Cholesterol Levels and Risk of Heart Disease Linked to Protein
A specific protein known as Mannose Binding Lectin (MBL) has been linked to an increased risk of heart disease that is also magnified by high cholesterol. Because high cholesterol can add to the hardening of the arteries brought about by low levels of MBL, the link has been the topic of a several studies involving MBL and cholesterol.
MBL is made by the liver in order to help stimulate the body’s immune system. When a virus or bacteria enter the body, the liver produces higher amounts of MBL. This then can either fight the pathogen or it can signal other areas of the immune system to do its job of fighting the invader. MBL usually acts as the first defense in stimulating the auto-immune system.
The link is that lower levels of MBL seem to coincide with higher incidents of heart attack from the development of atherosclerosis. Heart attack is more prevalent when there is inflammation of the arteries which causes them to narrow. The inflammation is reduced by a presence of higher levels of MBL. Cholesterol plays a role also in the ability of blood to flow freely through the arteries. When there is excessive amounts of cholesterol in the blood it clogs the passage way and narrows the artery opening.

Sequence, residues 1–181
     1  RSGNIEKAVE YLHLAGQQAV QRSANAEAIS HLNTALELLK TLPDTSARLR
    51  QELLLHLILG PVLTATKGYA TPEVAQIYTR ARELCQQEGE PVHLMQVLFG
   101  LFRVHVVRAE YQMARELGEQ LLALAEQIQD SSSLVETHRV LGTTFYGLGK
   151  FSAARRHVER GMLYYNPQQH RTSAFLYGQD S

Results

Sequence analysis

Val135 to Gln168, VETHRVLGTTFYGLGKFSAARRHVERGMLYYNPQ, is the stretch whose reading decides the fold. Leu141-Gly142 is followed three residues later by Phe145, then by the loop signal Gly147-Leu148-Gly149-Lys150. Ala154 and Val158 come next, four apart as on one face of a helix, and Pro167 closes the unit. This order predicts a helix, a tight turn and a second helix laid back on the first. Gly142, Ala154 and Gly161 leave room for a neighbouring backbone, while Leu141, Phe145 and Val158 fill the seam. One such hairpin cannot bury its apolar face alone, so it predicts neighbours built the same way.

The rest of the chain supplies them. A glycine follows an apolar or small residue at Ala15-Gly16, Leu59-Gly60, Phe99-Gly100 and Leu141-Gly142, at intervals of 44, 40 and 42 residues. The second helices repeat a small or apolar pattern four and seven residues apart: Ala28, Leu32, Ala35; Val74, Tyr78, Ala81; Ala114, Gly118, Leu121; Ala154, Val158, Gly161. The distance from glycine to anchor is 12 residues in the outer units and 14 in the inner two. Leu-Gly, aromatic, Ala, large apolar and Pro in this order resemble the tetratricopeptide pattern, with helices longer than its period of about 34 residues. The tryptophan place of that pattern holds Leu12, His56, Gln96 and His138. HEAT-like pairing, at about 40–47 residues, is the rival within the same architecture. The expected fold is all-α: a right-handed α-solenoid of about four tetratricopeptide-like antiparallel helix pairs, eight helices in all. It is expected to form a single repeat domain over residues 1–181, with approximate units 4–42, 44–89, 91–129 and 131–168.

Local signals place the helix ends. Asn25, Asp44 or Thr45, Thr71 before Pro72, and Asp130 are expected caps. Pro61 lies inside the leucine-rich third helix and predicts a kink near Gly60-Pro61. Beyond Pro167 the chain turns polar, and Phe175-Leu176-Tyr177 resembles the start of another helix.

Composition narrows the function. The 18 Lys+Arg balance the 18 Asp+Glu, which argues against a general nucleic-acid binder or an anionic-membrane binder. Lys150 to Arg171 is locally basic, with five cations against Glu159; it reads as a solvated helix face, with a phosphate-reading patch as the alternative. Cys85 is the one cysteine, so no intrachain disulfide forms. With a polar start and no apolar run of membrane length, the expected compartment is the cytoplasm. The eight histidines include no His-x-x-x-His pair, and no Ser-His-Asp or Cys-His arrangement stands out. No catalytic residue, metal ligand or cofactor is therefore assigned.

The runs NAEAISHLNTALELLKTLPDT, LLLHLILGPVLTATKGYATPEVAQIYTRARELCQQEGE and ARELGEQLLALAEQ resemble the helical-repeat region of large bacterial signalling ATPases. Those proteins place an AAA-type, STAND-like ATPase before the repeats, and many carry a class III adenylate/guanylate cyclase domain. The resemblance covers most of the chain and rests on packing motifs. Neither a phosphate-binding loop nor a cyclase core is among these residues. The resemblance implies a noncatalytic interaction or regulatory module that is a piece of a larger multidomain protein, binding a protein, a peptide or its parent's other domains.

Statin drugs that are used to combat high cholesterol also have anti-inflammatory properties. When someone is prescribed a drug such as Lipitor it also helps prevent atherosclerosis. However, all statin drugs used to manage cholesterol or reduce inflammation have side effects ranging from muscle soreness to complete kidney failure.
Cholesterol can be managed by diet and exercise. This will help the liver do its jobs of producing MBL and the appropriate cholesterol levels. To learn more, you can read The 60-Day Prescription Free Cholesterol Cure.
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